Astronomers believe they've now worked out the details of how supernova remnants can form cosmic rays.
In 1006, a new star was seen in the southern skies that was many times brighter than Venus; maybe almost as bright as the moon. It was so bright at maximum that it cast shadows and it was visible during the day.
More recently, astronomers identified the site of this supernova and named it SN 1006. They have also found a glowing and expanding ring of material in the southern constellation of Lupus that constitutes the remains of the vast explosion.
It's long been suspected that such supernova remnants may also be where some cosmic rays — very high energy particles originating outside the solar system and travelling at close to the speed of light — are formed. But until now the details of how this might happen were a mystery.
Now, a team from the Max Planck Institute for Astronomy has used the VIMOS instrument on the Very Large Telescope to study the 'shock front' - the region where high-speed material ejected by the supernova ploughs into the stationary interstellar matter.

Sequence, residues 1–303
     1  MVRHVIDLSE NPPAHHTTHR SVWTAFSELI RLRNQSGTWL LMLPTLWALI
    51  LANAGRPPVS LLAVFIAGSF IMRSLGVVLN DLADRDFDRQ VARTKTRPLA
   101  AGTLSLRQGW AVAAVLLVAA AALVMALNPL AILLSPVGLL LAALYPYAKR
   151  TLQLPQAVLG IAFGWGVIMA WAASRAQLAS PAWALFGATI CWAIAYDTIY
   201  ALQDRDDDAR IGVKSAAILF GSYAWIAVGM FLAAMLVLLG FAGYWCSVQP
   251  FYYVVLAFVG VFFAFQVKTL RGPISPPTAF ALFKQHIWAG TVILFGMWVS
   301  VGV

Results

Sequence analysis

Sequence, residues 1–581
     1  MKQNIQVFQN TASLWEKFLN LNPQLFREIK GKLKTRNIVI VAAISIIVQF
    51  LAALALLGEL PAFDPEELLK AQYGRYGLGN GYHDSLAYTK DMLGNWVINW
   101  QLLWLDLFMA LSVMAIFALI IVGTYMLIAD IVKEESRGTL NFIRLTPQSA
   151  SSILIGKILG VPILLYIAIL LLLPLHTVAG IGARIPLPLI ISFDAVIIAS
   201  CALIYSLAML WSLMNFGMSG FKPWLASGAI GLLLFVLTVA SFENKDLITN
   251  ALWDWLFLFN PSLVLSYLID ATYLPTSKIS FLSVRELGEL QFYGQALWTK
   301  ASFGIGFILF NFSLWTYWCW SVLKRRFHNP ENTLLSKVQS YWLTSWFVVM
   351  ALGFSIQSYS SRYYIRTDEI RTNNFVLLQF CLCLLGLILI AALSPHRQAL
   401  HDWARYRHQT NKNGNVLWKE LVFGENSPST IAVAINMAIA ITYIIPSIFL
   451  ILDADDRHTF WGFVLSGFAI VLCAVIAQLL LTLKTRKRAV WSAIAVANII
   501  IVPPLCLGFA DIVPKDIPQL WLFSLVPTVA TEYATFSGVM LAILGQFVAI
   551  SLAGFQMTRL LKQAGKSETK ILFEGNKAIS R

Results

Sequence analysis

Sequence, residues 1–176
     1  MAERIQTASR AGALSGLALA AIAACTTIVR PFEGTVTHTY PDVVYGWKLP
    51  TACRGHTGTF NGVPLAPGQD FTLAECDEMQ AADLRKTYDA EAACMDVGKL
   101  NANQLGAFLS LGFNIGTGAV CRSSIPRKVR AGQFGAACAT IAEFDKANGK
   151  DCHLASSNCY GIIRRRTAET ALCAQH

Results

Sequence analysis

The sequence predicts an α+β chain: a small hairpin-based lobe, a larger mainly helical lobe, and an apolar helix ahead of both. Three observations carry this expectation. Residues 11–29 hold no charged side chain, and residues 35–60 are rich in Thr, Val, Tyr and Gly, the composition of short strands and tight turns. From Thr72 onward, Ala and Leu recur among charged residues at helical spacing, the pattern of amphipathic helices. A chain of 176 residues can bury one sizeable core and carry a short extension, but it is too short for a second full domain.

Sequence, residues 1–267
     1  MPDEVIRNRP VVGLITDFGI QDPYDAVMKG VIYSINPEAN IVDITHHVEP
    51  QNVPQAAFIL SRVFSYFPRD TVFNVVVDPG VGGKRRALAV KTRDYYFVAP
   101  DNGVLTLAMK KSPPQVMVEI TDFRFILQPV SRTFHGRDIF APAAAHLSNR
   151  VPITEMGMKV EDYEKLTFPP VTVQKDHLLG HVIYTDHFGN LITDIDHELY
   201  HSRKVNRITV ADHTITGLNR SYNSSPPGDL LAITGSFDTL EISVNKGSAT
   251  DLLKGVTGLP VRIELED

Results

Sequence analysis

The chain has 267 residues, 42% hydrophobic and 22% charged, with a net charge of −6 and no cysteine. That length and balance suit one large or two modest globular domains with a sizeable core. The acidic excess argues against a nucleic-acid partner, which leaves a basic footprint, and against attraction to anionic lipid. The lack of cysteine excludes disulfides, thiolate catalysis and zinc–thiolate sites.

They've built up a map of the properties of the gas, and how these properties change across the shock front.
And the results were a surprise, suggesting that there were many very rapidly moving protons in the gas in the shock region. While these aren't the cosmic rays themselves, they could be the necessary 'seed particles' which interact with the shock front material to reach high energies and fly off into space as cosmic rays.
"This is the first time we were able to take a detailed look at what is happening in and around a supernova shock front," says Sladjana Nikolić.
"We found evidence that there is a region that is being heated in just the way one would expect if there were protons carrying away energy from directly behind the shock front."